This study would not have been possible without the voluntary participation of the Belgian maternity units: GZA Sint-Jozef, Mortsel; GZA Sint-Augustinus, Wilrijk; GZA Sint-Vincentius, Antwerpen; ZNA, Sint-Erasmus, Borgerhout; ZNA, Jan Palfijn, Merksem; ZNA, Middelheim, Antwerpen; ASZ, campus Aalst; ASZ, campus Geraardsbergen; AZ Lokeren; Imelda Ziekenhuis, Bonheiden; Sint-Jozef, Bornem; AZ Klina, Brasschaat; AZ Sint-Jan, Brugge; AZ Sint-Lucas, Assebroek; Centre de Santé des Fagnes; Centre Hospitalier de l'Ardenne; Centre Hospitalier EpiCura, site Hornu; Centre Hospitalier de Mouscron; Centre Hospitalier du Bois de l'Abbaye et de Hesbay; Centre Hospitalier Peltzer, La Tourelle; CHC Saint-Vincent; CHC Saint-Joseph; CHC Sainte-Elisabeth; CHIREC, Clinique Sainte-Anne, Saint-Remi; CHIREC Braine-l'Alleud-Waterloo; CHR de la Citadelle; CHR de Namur; CHR du Val de Sambre; CHR Haute Senne—Le Tilleriau; CHR Mons Clinique Saint-Joseph; CHU Ambroise Paré; CHU Brugmann; CHU Charleroi, André Vésale; CHU Notre-Dame des Bruyères; CHU Saint-Pierre; CHU Tivoli; CHwapi—Site Notre-Dame; Clinique Edith Cavell; Clinique et Maternité Sainte Elisabeth; Clinique Notre dame de Grâce; Clinique Reine Astrid; Clinique Sainte-Piere; Cliniques de l'Europe, Saint-Michel; Cliniques de l'Europe, Sainte-Elisabeth; Cliniques du Sud Luxembourg; Cliniques Universitaires Saint-Luc; AZ Sint-Vincentius, Deinze; AZ Sint-Blasius, Dendermonde; AZ Monica, Deurne; AZ Diest; AZ Sint-Maarten, Duffel; AZ Alma, Eeklo; Dimpna Ziekenhuis, Geel; AZ Jan Palfijn, Gent; AZ Maria Middelares, Gent; AZ Sint-Lucas, Gent; GHDC asbl—Notre Dame; AZ Maria ziekenhuis, Halle; Jessaziekenhuis, Hasselt; AZ Sint Elisabeth, Herentals; CAZ Midden-Limburg, Heusden-Zolder; Hôpital Civil Marie Curie; Hôpital Erasme, Bruxelles; Hôpitaux Iris Sud—Site Ixelles; Jan Yperman ziekenhuis, Ieper; IFAC Hôpital Princesse Paola; INDC Entité Jolimontoise; Sint-Jozef ziekenhuis, Izegem; Kliniek Sint-Jan; Klinik Saint-Josef; AZ Zeno, campus Knokke-Heist; AZ Groeninge, Kortrijk; Heilig Hart ziekenhuis, Leuven; UZ Leuven; Heilig Hart ziekenhuis, Lier; AZ Sint-Jozef, Malle; AZ Sint-Maarten, Mechelen; AZ Delta, campus Menen; Heilig Hart ziekenhuis, Mol; Onze-Lieve-Vrouw ziekenhuis, campus Aalst; Onze-Lieve-Vrouw ziekenhuis, campus Asse; AZ Damiaan, campus Sint-Jozef, Oostende; AZ Sint-Jan, campus Oostende; Christine Dallequin AZ Oudenaarde; Mariaziekenhuis Noord-Limburg, Overpelt; AZ Heilige Familie, Reet AZ Delta, campus Brugsesteenweg, Roeselare; AZ Delta, campus Wilgenstraat, Roeselare; AZ Glorieux, Ronse; AZ Nikolaas, Sint-Niklaas; Sint-Trudo ziekenhuis, Sint-Truiden; Saint-Nikolaus Hospital; Sint-Andries ziekenhuis, Tielt; Heilig Hartziekenhuis, Tienen; AZ Vesalius, Tongeren; Sint-Rembertziekenhuis, Torhout; AZ Turnhout; UZ Antwerpen; UZ Brussel; AZ Sint-Augustinus, Veurne; AZ Jan Portaels, Vilvoorde; Onze-Lieve-Vrouw van Lourdes ziekenhuis, Waregem; Ziekenhuis Oost-Limburg, campus Sint-Jan Genk; AZ Sint-Elisabeth, Zottegem. The authors would like to thank Fatima Bercha, Marine Guisset, Ann Langedock, Marlies Maly, Emilie Vandevoorde and Iris Janssens for their contribution in collecting and processing the data.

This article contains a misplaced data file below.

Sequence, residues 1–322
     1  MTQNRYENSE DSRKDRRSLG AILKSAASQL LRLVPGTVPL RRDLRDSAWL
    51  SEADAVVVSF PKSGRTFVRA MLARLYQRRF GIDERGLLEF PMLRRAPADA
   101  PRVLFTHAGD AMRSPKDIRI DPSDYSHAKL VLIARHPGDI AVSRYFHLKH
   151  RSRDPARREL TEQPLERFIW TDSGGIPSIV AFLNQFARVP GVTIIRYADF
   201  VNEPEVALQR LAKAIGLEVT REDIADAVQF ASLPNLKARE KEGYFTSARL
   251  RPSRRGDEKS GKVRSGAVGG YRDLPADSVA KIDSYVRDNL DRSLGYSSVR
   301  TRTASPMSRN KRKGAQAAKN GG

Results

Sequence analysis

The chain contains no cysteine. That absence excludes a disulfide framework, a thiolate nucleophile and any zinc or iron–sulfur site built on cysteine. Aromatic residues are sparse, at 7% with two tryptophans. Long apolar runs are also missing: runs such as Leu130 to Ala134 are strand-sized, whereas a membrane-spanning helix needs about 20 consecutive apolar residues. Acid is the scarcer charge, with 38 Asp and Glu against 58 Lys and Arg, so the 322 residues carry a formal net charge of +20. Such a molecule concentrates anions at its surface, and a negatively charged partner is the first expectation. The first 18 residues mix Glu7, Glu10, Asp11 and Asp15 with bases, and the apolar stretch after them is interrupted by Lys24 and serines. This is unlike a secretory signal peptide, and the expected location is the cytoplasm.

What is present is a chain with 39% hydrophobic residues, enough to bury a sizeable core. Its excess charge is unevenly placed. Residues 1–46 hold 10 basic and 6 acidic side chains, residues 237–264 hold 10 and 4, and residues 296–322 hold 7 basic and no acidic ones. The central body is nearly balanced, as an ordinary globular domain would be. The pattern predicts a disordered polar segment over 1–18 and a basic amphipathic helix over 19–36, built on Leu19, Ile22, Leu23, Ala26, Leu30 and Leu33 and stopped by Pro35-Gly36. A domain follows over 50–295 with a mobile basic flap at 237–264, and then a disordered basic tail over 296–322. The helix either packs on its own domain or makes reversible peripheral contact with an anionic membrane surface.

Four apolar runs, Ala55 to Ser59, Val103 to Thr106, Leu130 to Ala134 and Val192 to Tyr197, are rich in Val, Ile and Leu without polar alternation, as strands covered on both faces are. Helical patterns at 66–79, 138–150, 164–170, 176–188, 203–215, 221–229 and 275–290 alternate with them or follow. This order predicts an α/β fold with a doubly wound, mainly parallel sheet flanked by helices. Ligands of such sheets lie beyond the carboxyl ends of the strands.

References